Greek Orthodox Archbishop presents the Greek edition of "Shulchan Aruch" in Athens Print E-mail
Thursday, 22 March 2018 11:02

The presentation of Rabbi Isaac Mizan's new book, the Greek edition of "Shulchan Aruch - Guide to Law Implementation according to Sephardic Tradition" took place on March 5, 2018, in the crowded hall of the Benaki Museum Amphitheatre, in Athens. The book presentation was organized by the General Secretarial for Religious Affairs of the Greek Ministry of Education and the Central Board of Jewish Communities in Greece (KIS).

In his address, G. Kalantzis, General Secretary of Religious Affairs, referred to the importance the state attaches to the promotion of humanitarian values ​​and the dialogue between religions, but also to the programmes of the Ministry of Education which are focused on combating anti-Semitism.
In the same spirit, D. Saltiel, President of the Central Board of Jewish Communities in Greece, referring to the work of Rabbi Mizan and the value of the Greek version of Shulchan Aruch, stressed the crucial role of religions in the creation of a spirit of mutual understanding and mutual respect.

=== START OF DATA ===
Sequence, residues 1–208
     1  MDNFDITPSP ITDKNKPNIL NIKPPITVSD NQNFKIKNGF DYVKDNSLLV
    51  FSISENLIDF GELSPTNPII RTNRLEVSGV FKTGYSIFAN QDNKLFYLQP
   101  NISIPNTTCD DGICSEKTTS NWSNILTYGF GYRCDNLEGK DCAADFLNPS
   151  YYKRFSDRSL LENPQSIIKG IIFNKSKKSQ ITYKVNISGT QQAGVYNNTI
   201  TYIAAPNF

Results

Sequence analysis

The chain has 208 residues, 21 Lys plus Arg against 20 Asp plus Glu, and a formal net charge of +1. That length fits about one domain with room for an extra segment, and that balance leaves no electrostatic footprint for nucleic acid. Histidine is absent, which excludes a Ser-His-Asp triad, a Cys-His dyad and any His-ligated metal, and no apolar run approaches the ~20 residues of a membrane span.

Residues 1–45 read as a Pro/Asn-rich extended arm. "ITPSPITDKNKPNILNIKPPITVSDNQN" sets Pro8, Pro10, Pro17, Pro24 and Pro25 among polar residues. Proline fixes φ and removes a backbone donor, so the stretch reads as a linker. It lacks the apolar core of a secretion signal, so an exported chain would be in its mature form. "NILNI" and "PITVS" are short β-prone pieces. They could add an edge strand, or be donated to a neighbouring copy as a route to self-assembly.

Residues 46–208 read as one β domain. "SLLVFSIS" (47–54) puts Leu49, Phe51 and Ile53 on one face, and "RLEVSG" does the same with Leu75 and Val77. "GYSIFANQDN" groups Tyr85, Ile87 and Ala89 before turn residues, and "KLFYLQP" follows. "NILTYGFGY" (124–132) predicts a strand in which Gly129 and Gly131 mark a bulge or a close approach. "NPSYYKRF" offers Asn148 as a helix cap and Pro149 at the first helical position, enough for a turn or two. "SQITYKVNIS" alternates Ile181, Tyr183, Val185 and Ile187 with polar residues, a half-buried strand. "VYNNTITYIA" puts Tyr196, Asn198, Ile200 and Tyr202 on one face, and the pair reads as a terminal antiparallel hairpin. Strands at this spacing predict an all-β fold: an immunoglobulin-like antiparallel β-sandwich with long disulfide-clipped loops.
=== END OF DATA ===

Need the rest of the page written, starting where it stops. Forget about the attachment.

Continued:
Rabbi Elias Sabetai, from Larissa, - also the birthplace of Rabbi Mizan - and author of books on Judaism, spoke of the essence of religious teachings in the spiritual guidance of man.
On a personal tone, Samuel Matsas, President of the Jewish Museum of Greece, talked about how he and his family built their religious identity’s consciousness, on the teachings of Rabbi Mizan.
Tuesday, 20 March 2018 10:35


“The voices of 50,000 deported Thessaloniki Jews must not be forgotten. It is time for Greece to delve back into its memory.” Those are the heartfelt words of David Saltiel, president of Thessaloniki’s Jewish community, which today numbers barely a thousand, three-quarters of a century after it was nearly wiped out by the Nazis.